SD-WAN analytics is the process of collecting and analyzing data generated by a software defined wide area network, or SD-WAN.
As businesses increasingly shift from traditional WANs to SD-WANs, the ability to monitor networks using SD-WAN analytics is essential for achieving the network performance and security goals that SD-WANs are supposed to enable.
To understand the role played by SD-WAN analytics in modern network operations, it’s first necessary to understand the goals that businesses seek to achieve when shifting from WANs to SD-WANs.
One of the main reasons why organizations migrate from WANs (which use physical hardware to manage network connections and traffic) to SD-WANs is that modern network operations often involve complex, distributed applications that are hosted in the cloud. Compared to traditional monolithic applications that run inside a local data center, modern applications generate more connections and much higher volumes of traffic. Some of the most common reasons why include:
Although it’s technically possible to manage complex networking requirements like these using a WAN, SD-WANs are more efficient and easier to work with because they allow teams to define complex networking rules using software, rather than having to configure physical devices to handle each facet of network operations. In addition, because a single SD-WAN can typically manage all of an organization’s networking requirements through a single interface, SD-WANs simplify administration and help to centralize network monitoring.
Because WANs are usually used in cases where network operations are simple, there is typically relatively little data that you can collect and analyze from a WAN. You can monitor basic metrics like packet loss and latency for your applications as a whole, and you may be able to analyze WAN performance data on a per-user or per-location basis. Beyond this, however, there is little granularity or nuance associated with traditional WAN monitoring.
When you manage your network using an SD-WAN, however, end-to-end network monitoring is a paramount priority for ensuring that SD-WANs can adequately handle the complex networking configurations that they are intended to support. Without carefully monitoring your SD-WAN, you may fail to detect performance issues such as high latency within traffic between two cloud services or improper network load balancing across redundant cloud regions.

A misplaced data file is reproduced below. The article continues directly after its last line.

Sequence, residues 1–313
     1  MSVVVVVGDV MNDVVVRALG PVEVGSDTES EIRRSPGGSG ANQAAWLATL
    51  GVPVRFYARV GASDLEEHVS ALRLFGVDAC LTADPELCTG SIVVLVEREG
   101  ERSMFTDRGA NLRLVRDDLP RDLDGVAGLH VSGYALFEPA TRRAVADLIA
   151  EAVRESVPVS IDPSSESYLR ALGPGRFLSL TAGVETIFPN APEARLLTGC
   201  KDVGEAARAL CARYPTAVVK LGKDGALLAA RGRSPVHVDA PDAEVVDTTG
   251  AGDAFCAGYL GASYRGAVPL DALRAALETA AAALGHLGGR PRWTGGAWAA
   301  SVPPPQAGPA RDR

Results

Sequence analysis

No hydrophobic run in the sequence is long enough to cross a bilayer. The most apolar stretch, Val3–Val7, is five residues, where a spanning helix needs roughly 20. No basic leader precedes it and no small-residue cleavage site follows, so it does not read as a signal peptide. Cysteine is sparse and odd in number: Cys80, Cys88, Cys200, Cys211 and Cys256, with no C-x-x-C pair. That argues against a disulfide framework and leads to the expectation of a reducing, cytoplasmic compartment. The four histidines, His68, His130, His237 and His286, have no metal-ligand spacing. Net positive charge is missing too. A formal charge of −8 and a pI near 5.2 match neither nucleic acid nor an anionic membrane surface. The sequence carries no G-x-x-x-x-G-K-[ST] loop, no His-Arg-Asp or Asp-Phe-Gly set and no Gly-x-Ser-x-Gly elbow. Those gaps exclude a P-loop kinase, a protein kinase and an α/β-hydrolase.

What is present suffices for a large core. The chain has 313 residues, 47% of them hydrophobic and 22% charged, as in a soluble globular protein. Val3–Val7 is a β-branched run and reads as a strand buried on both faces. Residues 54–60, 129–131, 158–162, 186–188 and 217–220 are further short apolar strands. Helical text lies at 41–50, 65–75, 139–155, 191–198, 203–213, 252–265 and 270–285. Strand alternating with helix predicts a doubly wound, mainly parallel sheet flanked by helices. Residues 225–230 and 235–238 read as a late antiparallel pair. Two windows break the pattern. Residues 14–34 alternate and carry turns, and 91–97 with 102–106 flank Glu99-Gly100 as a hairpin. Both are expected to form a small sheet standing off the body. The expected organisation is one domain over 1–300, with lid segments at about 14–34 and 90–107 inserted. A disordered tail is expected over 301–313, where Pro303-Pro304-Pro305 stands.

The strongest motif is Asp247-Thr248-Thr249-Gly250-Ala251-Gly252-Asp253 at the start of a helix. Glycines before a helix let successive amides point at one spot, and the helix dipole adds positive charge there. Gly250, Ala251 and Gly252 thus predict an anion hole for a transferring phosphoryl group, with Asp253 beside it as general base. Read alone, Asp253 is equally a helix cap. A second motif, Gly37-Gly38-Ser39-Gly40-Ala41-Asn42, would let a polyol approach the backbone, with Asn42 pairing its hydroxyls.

In other words, SD-WAN analytics is the only way to know that your SD-WAN is actually achieving what you intend it to achieve. Without deep visibility into the health of your SD-WAN via analytics, you run the risk of investing in an SD-WAN that fails to deliver the agility and reliability that distinguish SD-WANs from conventional WANs.
SD-WAN analytics can also play a role in security by exposing unusual traffic patterns or other anomalies that may be signs of a breach. Although complete network security requires much more than just SD-WAN analytics, the latter offers one means of detecting security issues that you may otherwise miss.
No two networks are identical, and SD-WAN analytics solutions should always be tailored to the architecture of your organization’s SD-WAN, as well as the monitoring goals that you prioritize. However, in general, you should expect any SD-WAN solution to deliver a core set of features, including:
While the core use case for SD-WAN analytics involves monitoring an SD-WAN once it is up and running, an additional role that SD-WAN analytics can play is helping teams to validate network configuration plans before they are implemented.
Admins can define the requirements that an SD-WAN needs to meet, such as the bandwidth and latency baselines it needs to ensure for different transport circuits. Then, they can deploy SD-WAN analytics tools to help assess the ability of their proposed SD-WAN configuration to meet those requirements.
Using SD-WAN analytics to test configurations before you roll out an SD-WAN (or before you make changes to an existing SD-WAN configuration) helps avoid unforeseen performance or security issues and reduces the number of networking problems that impact live production environments.